How To Measure Endangered Vernal Pool Depth Using The Helium Network

Over at Meteo Sci­en­tif­ic (the busi­ness unit I start­ed to run an IoT Sen­sor as a Ser­vice, or iSaaS), I’ve been work­ing on a few projects, one of them around mea­sur­ing ver­nal pools in the mountains. 

Ver­nal pools are “one of California’s most endan­gered wet­land nat­ur­al com­mu­ni­ties” accord­ing to Dave Hogan, head of the Chap­ar­ral Lands Con­ser­van­cy (CLL). They are sea­son­al pools usu­al­ly less than a foot deep found on mesas and down in the val­leys through­out my home region of San Diego. The CLL has a part­ner­ship with the Cen­ter For Bio­log­i­cal Diver­si­ty to mon­i­tor these pools, includ­ing mea­sur­ing their depth through­out the short wet sea­son. Up until now, they were mea­sur­ing the depth by pay­ing con­trac­tors to hike out and man­u­al­ly mea­sure each pool. This seemed like a great use case for the Heli­um network!

With any iSaaS offer­ing, you’ve got three major hur­dles to completion.

First is find­ing a cus­tomer. In this case, that was long time friend Dave Hogan, who runs the Chap­ar­ral Lands Con­ser­van­cy. Dave and I have known each oth­er for at least a decade now, and since we don’t get to spend very much time togeth­er I was excit­ed to use Heli­um as an excuse to spend time with one of the most well versed nat­u­ral­ists I’ve met in person. 

The next ques­tion in run­ning an iSaaS is “Do I have con­nec­tiv­i­ty for my sen­sor?” With Heli­um, that’s usu­al­ly not a prob­lem. It’s got the largest con­tigu­ous wire­less net­work in the world, with most places in urban and sub­ur­ban areas cov­ered. Almost any­where in San Diego (except deep in remote val­leys) has great cov­er­age. Addi­tion­al­ly, if we need­ed cov­er­age in a remote area, I was­n’t wor­ried; off grid IoT con­nec­tiv­i­ty through Heli­um is a spe­cial­ty of mine.

The third step with iSaaS is know­ing what kind of sen­sor to use. I checked in with Bryan at Par­ley Labs as well as Simon over at Dat­a­cake, and we decid­ed to look at two dif­fer­ent types. A Dragi­no LDDS20 Non Con­tact Liq­uid Lev­el Sen­sor and an LDDS75 Dis­tance Detec­tion Sen­sor. I had both in my garage, and after tak­ing a look at ’em, the LDDS75 seemed the appro­pri­ate one to use. The 20 needs to be on the bot­tom of a tank, and these mead­ow pools ain’t tanks.

As usu­al when it comes to sen­sors, they ain’t the eas­i­est things to use and you have to be ready to learn. I jumped on the week­ly Hack­share Col­lec­tive call run by Travis Teague to get help, where Travis, Gray Hat Guy and Nick­ey walked me through set­ting up my device. 

Step one is adding the device to the Heli­um Con­sole. I’ve cov­ered the steps to do that in oth­er posts so will skip it here. The Dragi­nos come with all the iden­ti­fy­ing keys on a stick­er on the box, which is nice: DEVEUI, APPEUI, and APPKEY are all right there. I typed ’em in man­u­al­ly and wait­ed for the XOR fil­ter to let the device show up on Console.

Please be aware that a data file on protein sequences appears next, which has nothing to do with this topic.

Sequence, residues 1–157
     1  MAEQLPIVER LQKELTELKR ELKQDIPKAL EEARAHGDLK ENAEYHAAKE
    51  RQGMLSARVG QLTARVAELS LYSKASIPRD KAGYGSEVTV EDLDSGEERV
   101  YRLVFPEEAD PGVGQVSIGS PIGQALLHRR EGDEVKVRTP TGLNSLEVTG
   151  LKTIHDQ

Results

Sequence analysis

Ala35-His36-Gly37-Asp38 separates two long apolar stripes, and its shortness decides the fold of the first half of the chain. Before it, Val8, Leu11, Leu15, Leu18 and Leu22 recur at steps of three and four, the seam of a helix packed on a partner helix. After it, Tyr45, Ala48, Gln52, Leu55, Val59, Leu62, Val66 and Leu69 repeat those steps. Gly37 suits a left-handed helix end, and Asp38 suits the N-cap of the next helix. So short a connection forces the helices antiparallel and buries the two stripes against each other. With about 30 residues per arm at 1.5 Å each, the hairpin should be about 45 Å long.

Being a “hands dirty” guy, the next thing I did was open it up.

With Gray Hat Guy walk­ing me through it, I checked the bat­tery lev­el (both with and with­out load) because the device had been sit­ting in the garage for almost a year. 

Then I real­ized you had to remove, rotate, and replace the yel­low jumper in order to con­nect pow­er to the device from the bat­tery. That’s one of those things every hard­ware geek says, “Duh” to, but if you’ve nev­er seen it before, a lot of this does­n’t make sense. 

With the device added in Con­sole and pow­ered on, the next step is to set the para­me­ters up so they match what you want. In my case, mak­ing sure I had it fir­ing on a time inter­val that would be use­ful with­out wast­ing bat­tery life. 

To do this, you’ll need a few sim­ple things that’ll open up a whole new world for you. First, a USB to TTL adapter, about $12 on Ama­zon. Sec­ond, a set of bread­board jumper wires, about $7. Final­ly, if you don’t already have them lay­ing around from the mil­lion oth­er projects you’ve done, spend $8 on break­away pin head­ers.

Once you have those, you can con­nect your device to your com­put­er via USB and use a pro­gram called CoolTerm to change the set­tings on the device. Dragi­no has pret­ty good doc­u­men­ta­tion on how to set all this up, but holler in the com­ments if you need help.

You’ll need to make a few changes in the Options on Coolterm. In the Ser­i­al Port menu, set the bau­drate to 9600. Then, in the Ter­mi­nal menu, change the Mode to Line Mode, use CR+LF Key Emu­la­tion, and turn on Local Echo. 

For this, the first thing I did was get a read­out of what the set­tings cur­rent­ly were, using AT+CFG. That’ll spit out all the cur­rent set­tings. In this case, I was look­ing for the TDC set­ting, which is the “trans­mit time”. I want­ed to test this device on my foun­tain at home with a short­er inter­val just to see how it looked on Dat­a­cake, then set it to a longer inter­val lat­er to pre­serve bat­tery life. I start­ed with a 5 minute inter­val, saved it, unplugged the device and fas­tened the cov­er back on for testing.

I head­ed into the garage to knock togeth­er a quick PVC frame to attach it to. 

These first test rigs don’t have to be pret­ty, they just have to work. With that done, I set it up to mon­i­tor the liq­uid lev­el in my foun­tain in the backyard. 

Here it is with 5 minute intervals:

Once I was con­fi­dent it was work­ing I took it all down, brought it back in, hooked it back up to my com­put­er and set the time inter­val to an hour. 

The next step is to find out from the client what they’re OK with as far as a mount­ing stand, assess the site, then build some­thing that’ll work for his needs. Time for a hike in the moun­tains with a GLAMOS to check cov­er­age. I’ll be back lat­er this month with a fol­low up!


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